“Have you seen Wonder Woman?”
That’s how I have begun so many conversations with women over this last week. It is almost instantly obvious whether they have or not. There is either an immediate look of “No, I’m sorry. I probably should.” Or there is something very different—an eyes-wide look that says, “Wasn’t it amazing!” revealing a depth of emotion they aren’t really sure how to put into words.
That’s how I felt. In fact, it’s taken me almost a week to write this, simply because I was looking for the right words. I still don’t think I’ve found all of them.
I admit, though, I wasn’t all that excited to see it. Blame it on super-hero movie fatigue, or simply low expectations, but my feelings were decidedly meh on the whole thing.
But on Father’s Day, when our resident dad (my husband) said he wanted to see a movie on his special day, and the movie he wanted to see was Wonder Woman, how could I refuse? Besides, as a woman, I felt a certain moral obligation to support a female hero lead, directed by a woman, and starring a couple of my favorite female actors. So, I feigned genuine interest and half expected to get in a good nap.
In the movie’s opening scenes, we see a precocious little girl, presumably our young Diana, escaping her day-care type confinements, running from her authorities, and finding a hiding spot where she could watch the warrior training session going on in the field below her. Through her eyes, we see the Amazons, riding horses, wielding swords, shooting arrows with a fierceness I’ve rarely seen in the cinematic portrayal of women. In a word, it was impressive.
Diana was soon discovered, however, taken away by her mother, the Queen, and told she was not yet ready to fight. There was nothing surprising about the events of these scenes, necessarily. The plot and storyline were all expected and came from the original legend many of us know from comic books or the television series of decades ago. What got my attention was the casting, and the general badass-ness of the Amazons. They were not just all super young super-heroes resting on natural strength. They were middle-aged, and they were training—hard—every single day.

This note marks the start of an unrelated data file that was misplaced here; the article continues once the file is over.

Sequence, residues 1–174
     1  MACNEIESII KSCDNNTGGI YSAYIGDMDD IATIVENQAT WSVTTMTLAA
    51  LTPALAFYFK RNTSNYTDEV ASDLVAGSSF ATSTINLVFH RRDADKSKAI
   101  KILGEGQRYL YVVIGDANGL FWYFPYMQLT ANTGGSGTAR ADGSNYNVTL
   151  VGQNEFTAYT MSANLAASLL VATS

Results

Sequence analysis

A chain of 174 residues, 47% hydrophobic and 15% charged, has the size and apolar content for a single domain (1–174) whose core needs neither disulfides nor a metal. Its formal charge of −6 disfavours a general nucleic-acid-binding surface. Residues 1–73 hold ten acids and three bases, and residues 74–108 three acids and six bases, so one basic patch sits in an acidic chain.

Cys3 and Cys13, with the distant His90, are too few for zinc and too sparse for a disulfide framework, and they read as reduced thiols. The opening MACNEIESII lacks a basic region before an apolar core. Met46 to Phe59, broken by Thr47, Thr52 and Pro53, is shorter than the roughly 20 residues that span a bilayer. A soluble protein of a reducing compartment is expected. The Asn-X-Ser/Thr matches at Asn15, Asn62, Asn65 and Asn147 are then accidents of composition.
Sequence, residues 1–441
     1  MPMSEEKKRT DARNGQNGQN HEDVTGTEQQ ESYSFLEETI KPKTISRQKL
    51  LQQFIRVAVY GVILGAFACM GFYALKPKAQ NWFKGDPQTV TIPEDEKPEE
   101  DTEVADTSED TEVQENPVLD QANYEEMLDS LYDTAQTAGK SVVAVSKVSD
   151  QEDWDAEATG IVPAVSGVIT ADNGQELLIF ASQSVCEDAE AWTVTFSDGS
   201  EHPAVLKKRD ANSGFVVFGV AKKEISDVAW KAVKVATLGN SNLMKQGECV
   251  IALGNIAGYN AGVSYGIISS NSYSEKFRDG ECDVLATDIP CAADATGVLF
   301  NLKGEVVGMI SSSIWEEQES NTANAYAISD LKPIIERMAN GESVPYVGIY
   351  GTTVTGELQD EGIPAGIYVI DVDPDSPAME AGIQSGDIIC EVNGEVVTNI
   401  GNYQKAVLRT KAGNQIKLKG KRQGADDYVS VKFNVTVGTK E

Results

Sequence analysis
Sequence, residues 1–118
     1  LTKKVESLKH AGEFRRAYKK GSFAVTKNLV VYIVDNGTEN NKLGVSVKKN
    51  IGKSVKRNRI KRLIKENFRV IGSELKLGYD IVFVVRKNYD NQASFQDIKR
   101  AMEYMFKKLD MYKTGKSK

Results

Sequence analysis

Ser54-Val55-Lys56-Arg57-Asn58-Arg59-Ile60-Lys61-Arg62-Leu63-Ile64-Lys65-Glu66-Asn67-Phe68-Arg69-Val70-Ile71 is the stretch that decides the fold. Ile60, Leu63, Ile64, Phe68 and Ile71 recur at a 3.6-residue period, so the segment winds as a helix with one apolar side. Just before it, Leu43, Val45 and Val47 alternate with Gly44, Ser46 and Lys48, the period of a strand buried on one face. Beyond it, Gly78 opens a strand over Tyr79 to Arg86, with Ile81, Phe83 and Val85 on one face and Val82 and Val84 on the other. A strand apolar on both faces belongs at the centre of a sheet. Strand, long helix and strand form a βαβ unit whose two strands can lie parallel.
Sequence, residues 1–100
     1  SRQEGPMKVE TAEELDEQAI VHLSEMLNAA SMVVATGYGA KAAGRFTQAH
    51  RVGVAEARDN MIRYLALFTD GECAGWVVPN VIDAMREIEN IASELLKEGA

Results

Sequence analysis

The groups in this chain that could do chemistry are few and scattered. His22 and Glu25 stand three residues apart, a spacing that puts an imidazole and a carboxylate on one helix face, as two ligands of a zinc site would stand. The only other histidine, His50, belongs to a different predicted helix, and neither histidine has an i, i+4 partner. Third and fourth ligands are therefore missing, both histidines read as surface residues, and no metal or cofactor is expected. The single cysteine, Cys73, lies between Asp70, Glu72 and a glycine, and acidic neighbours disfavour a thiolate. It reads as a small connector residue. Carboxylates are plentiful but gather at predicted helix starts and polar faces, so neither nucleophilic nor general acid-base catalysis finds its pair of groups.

A few more minutes in and we came to the first battle scene. This is normally when I go to the bathroom or check my phone. Battle scenes rarely do anything to further the plot, and I’m not typically wowed by the cinematography or explicit violence. In my opinion, you can skip to the last 30 seconds and lose none of the storyline. This time, however, I was captivated.
There was a moment when Antiope, played by the absolutely stunning Robin Wright, yells to one of her comrades the single word “Shield!” Then we see her run over, jump onto the shield, and soar into the air like the warrior that she is. I was pinned to my seat, my chest suddenly tight, and ugly cry swallowing my face whole.
This reaction had come out of nowhere. It had come from within. I looked at this character, fictionalized, of course, but she was also real. She was fierce, but she had scars and wrinkles just like me.
The movie went on to surprise me many times with its consistent message that women are powerful in their singular selves, without the need of rescue, or at least the rescue of mortal man. The romance between Diana and Steve was both humorous and lovely, and I enjoyed every single moment of it. But it was not the central theme.
And the line that was repeated first by Steve, then later by Diana, “It is not about deserve. It is about what you choose to believe, and I believe in love,” will become iconic—or at least it should, as it is a message for our time.
But that scene of Robin Wright leaping into the air will stick with me forever. I immediately came home and pulled my hair back into a braid. I looked at myself in the mirror, an honest look at the wrinkles, the scars, the age, the wisdom, and I embraced my own badass.
What will I fight for? We each get to choose that for ourselves. Personally, I will join with all of the Antiopes and Dianas out there, all of the badass women who are choosing to be warriors for love.